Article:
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«The Disability Housing Market: Opportunity for Community Development Finance as the Americans with Disabilities Act Turns 20 Charles D. Hammerman The ...»

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Community Development INVESTMENT REVIEW


The Disability Housing Market:

Opportunity for Community Development Finance as the

Americans with Disabilities Act Turns 20

Charles D. Hammerman

The Disability Opportunity Fund

Samantha Bennett

Center for Wealth Preservation


home is more than just an address, more than just a place to hang your hat. For

many of us, the first time we feel independent is when we sign our first lease, buy

our first set of dishes, and pay our first bills. For many, the most strenuous part in finding a place to live is meeting the right real estate agents, or finding a home with enough bathrooms, or one with a decent-size kitchen and adequate sunlight.

For low-income persons with disabilities, their concerns consist not only of counter space, or hardwood floors, but also safety, affordability, and accessibility. For far too long, persons with disabilities have been deprived of the opportunity of renting or possibly even owning their own home. Many have been excluded from obtaining housing vouchers, and some simply have no access to the limited housing options that are currently available. For many, it has been a dream without much likelihood of coming true.

For the last 40 years, many articles, progress reports, and statistics have addressed this critical issue. Yet there is no current coherent policy to address the housing needs for persons with disabilities. Congress has struggled since the passage of the Vocational Reha- bilitation Act in 1973 to develop a working plan through which persons with disabilities who want to live independently may be able to do so. Several other laws and regulations have been enacted since then in the hope of protecting the disabled and helping them find safe, affordable, accessible housing.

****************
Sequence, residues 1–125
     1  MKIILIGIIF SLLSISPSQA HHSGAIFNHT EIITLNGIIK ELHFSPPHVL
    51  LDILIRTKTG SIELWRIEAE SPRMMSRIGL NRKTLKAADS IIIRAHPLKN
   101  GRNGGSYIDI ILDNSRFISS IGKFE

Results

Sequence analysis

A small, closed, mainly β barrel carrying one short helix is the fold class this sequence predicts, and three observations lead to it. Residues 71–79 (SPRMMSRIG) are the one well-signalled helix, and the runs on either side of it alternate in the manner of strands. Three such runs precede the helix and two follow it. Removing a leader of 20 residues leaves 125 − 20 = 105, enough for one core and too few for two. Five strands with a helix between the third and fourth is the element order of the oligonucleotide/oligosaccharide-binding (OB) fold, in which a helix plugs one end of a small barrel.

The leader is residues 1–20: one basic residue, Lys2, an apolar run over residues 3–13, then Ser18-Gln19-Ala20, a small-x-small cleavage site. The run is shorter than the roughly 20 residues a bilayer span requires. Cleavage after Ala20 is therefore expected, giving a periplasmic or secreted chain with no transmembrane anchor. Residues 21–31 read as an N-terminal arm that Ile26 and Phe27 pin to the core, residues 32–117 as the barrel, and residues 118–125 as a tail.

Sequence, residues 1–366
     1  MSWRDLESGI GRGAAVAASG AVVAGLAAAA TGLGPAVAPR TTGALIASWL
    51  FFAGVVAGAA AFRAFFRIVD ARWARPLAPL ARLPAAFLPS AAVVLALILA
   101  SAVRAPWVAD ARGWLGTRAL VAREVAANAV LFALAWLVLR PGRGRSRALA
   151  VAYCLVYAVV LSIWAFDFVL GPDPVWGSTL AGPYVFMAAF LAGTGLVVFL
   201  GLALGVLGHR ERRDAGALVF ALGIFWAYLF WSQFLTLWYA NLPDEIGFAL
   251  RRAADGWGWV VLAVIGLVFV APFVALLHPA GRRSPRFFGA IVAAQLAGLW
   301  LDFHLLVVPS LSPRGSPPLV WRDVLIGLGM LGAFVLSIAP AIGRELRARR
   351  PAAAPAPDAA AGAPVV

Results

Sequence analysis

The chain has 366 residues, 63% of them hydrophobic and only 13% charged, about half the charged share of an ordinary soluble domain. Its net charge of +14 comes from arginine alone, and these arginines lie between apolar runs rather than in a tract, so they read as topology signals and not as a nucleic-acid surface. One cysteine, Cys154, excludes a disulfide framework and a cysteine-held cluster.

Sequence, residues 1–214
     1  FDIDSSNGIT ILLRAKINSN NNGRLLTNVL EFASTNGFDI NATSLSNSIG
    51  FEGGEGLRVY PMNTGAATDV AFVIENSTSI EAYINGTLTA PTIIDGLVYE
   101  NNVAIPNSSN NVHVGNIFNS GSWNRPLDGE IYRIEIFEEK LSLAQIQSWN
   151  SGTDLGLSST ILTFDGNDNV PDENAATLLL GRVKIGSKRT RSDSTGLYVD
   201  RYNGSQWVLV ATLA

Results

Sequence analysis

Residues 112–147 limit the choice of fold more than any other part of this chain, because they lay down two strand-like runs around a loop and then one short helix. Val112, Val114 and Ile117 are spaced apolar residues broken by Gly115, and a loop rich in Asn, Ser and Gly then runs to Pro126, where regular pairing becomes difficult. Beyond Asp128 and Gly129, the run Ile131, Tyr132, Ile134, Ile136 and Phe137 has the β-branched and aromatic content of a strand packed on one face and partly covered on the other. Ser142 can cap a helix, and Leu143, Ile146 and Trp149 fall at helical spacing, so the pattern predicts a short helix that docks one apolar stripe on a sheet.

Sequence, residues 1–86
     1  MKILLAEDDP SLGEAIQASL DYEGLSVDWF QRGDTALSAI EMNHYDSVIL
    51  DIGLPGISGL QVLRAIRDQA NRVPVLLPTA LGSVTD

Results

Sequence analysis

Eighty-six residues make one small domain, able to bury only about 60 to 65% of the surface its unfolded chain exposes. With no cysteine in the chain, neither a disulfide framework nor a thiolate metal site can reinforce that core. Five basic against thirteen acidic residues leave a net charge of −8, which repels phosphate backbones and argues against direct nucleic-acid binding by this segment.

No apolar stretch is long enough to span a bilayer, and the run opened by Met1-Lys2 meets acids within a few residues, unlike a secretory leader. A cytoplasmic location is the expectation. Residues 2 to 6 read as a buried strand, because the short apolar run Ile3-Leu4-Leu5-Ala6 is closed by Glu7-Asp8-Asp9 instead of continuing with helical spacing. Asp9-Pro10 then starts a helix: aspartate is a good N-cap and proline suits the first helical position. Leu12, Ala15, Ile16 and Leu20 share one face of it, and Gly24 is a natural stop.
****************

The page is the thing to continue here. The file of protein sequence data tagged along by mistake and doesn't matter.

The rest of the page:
Although there is no coherent approach to providing housing, the demand for it is strong. There are more than 41 million noninstitutionalized Americans living with some form of disability. More than 23 million are between the ages of 18 and 65.1 It is the inadequate supply that has ultimately hindered those with disabilities from attaining housing.

How Is the “Disability Market” Measured?

Statistical information concerning disabilities is collected through several different venues. The American Community Survey (ACS), Cornell University’s “Disability Status 1 Statistics taken from Cornell University, 2007 Disability Status Report.


Community Development INVESTMENT REVIEW 89 Report,” and the University of Colorado’s Coleman Institute for Cognitive Disabilities are just a few of the sources that provide thorough and comprehensive data and statistics.